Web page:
What is - Automatic Stop-Start System

As the world becomes increasingly aware of the effects of glut fossil fuel consumption, the automotive sector in particular hasn’t been short of measures to ensure that their vehicles produce more mileage per tank of fuel.

One of them, possibly the most commonly adopted at the very moment, is the auto start-stop feature. While the collective outcome of this system, on fuel efficiency, engine durability and ultimately on the environment remains somewhat arguable, even our local manufacturers have started opting for it.

It’s not a new feature by any means. It was adopted by Toyota in their Crown sedan variant in the 1970's where the system would automatically switch off the engine after sitting idle for 1.5 seconds. In fact, American automotive site Car and Driver stated, “Volkswagen debuted its first production stop-start system in 1983 with the Europe-only Polo Formel E.”

What is this system then? Does it really help reduce emissions, reduce fuel consumption, save our wallets and ultimately the environment? Or are manufacturers just putting that system in place to meet regulation requirements? What is the appeal of this then in countries with less stringent or non-existent emission regulations? And what does it do to your engine in the long run?


The Toyota Crown. Credit: productioncars.com

Here’s how it works in a nutshell. In an automatic transmission vehicle, where the system is more commonly adopted, when the driver applies the brakes and the vehicle comes to a standstill, the system automatically switches the engine off but not entirely. This is because only the engine is shut down but not the entire car as the battery is still supplying power to the air conditioning and other electrical components like the radio.

However, this is not done without the aid of a more powerful car battery and a more robust alternator to support the starter motor in restarting the vehicle. Once the brakes are lifted, the sensors deployed would be triggered which then automatically activates the starter motor to restart the engine.

As for hybrid vehicles, it utilises its built-in electric motor to get the vehicle moving before the engine is restarted. “Measurements taken in the New European Driving Cycle (NEDC) yielded fuel savings and emission reductions of around 8% and savings of up to 15% are possible in real urban traffic”, as claimed in Bosch’s website on their auto start-stop systems.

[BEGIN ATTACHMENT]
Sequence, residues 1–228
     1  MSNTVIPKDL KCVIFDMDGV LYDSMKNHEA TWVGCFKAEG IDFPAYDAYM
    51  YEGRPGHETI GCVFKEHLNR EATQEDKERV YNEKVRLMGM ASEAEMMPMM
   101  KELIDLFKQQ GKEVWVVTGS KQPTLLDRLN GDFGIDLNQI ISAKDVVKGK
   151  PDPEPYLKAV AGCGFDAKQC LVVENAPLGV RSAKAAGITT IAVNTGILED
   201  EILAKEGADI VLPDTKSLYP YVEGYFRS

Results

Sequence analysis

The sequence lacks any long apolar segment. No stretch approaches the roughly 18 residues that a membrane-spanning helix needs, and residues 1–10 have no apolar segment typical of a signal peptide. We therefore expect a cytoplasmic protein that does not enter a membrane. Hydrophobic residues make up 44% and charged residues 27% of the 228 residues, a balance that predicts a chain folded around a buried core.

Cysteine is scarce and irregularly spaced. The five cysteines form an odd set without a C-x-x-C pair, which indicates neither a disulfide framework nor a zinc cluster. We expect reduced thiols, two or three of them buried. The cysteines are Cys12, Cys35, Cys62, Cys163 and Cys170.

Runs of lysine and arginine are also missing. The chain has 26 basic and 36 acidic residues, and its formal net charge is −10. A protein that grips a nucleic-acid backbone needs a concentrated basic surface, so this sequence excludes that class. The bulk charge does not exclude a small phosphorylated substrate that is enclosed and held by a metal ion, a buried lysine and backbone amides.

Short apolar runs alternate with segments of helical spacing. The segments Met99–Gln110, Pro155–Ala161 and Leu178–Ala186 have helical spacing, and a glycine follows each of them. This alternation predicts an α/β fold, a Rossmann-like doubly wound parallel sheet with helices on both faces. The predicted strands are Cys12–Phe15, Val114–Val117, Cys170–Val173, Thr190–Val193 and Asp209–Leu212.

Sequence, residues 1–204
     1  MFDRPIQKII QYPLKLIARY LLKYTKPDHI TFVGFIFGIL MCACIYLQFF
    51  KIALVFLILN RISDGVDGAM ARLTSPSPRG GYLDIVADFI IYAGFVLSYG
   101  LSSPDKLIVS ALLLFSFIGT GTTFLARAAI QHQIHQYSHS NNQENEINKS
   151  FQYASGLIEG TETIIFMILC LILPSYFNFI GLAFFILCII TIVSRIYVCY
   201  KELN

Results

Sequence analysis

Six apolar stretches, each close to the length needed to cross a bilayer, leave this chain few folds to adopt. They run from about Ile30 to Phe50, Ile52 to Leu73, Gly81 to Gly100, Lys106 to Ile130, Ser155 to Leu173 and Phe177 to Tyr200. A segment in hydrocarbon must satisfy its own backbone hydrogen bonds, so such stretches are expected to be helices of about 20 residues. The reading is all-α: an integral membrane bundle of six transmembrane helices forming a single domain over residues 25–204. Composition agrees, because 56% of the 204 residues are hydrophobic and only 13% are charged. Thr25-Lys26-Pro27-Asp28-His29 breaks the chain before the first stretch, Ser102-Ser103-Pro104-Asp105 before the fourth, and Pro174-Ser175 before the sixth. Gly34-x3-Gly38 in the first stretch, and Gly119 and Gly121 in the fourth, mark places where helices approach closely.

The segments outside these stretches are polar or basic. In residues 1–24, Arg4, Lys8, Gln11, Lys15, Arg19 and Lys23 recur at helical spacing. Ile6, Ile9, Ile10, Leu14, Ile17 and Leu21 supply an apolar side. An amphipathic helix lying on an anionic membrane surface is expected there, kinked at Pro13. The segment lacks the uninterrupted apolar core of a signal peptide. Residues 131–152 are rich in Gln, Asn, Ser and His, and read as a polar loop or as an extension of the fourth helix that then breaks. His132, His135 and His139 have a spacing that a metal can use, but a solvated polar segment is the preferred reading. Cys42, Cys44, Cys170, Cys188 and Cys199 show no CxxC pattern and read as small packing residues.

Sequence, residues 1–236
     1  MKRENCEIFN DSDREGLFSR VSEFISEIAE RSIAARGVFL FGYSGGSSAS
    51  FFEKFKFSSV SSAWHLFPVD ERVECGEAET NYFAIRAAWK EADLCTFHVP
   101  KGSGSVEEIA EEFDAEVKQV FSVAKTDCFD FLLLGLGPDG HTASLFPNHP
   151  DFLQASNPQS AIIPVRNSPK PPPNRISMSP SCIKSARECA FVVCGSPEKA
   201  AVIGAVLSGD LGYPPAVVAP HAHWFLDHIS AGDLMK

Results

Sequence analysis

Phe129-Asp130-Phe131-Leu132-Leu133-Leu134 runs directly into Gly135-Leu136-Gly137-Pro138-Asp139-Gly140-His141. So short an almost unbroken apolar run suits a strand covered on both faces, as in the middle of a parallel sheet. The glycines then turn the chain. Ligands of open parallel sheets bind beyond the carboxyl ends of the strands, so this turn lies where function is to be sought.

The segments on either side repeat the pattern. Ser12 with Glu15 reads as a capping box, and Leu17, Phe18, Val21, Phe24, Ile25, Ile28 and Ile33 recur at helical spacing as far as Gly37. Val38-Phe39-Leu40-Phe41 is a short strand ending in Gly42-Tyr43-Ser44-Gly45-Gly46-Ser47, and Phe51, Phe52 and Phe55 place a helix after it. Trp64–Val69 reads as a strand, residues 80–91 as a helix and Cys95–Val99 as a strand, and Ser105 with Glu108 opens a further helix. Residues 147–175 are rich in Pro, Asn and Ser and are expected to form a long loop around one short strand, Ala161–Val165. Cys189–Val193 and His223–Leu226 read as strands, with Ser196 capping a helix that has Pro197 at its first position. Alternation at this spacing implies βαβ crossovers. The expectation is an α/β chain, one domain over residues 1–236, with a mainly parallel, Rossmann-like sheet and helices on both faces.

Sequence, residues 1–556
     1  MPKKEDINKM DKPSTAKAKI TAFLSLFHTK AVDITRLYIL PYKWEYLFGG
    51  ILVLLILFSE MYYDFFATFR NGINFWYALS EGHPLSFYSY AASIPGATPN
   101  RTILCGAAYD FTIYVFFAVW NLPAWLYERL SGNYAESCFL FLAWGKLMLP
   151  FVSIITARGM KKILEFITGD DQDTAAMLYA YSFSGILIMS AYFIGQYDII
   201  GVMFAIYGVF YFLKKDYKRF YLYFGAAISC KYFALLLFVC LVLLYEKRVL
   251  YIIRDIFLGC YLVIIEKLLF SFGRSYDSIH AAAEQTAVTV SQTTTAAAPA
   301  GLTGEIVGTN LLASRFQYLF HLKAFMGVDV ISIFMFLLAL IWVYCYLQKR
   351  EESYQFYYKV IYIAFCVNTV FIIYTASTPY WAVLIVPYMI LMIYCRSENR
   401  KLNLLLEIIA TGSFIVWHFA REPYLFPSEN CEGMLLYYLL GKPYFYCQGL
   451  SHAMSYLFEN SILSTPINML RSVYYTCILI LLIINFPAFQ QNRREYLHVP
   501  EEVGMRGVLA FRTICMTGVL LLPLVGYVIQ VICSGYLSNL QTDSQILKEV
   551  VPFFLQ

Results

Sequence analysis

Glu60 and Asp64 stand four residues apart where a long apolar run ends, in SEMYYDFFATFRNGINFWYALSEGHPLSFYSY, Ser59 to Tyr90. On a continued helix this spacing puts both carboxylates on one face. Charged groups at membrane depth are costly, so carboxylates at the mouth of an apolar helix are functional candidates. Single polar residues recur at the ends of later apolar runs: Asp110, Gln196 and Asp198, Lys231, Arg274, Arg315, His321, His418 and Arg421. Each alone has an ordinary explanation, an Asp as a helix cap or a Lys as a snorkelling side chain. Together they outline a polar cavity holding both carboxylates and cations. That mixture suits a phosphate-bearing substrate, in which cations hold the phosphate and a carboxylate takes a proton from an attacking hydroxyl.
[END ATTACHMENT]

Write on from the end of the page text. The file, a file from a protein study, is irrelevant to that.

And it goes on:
One push of that button is all it takes for a smoother ride. Credit: parkers.co.uk

While statistics have shown that fuel efficiency can be achieved along with reduced emissions, there is still the niggling thought of the need to have a button to switch the system off entirely. Although it may be able to conserve fuel while you’re stuck idling in traffic, having the starter motor kicking in every time you lift off the brakes in stop-go traffic can get quite annoying as the starting process, as in most cars fitted with the system still do not operate seamlessly and unnoticeably.

And the jerking motion, when the vehicle restarts its engine, can be as unforgiving to the driver as it is to the other components of the vehicle.  It’s been claimed that a normal car without the feature can be expected to go through up to 50,000 start-stop motions in its lifetime. With automatic start-stop, the figures can inflate up to as high as 500,000 start-stop cycles.

As such this system could possibly have its drawbacks on the starter motor, the engine’s bearings and it even its mountings – the drawbacks of which will be discussed in a following article.

Here's a brief video on how the Automatic Stop-Start System actually works.

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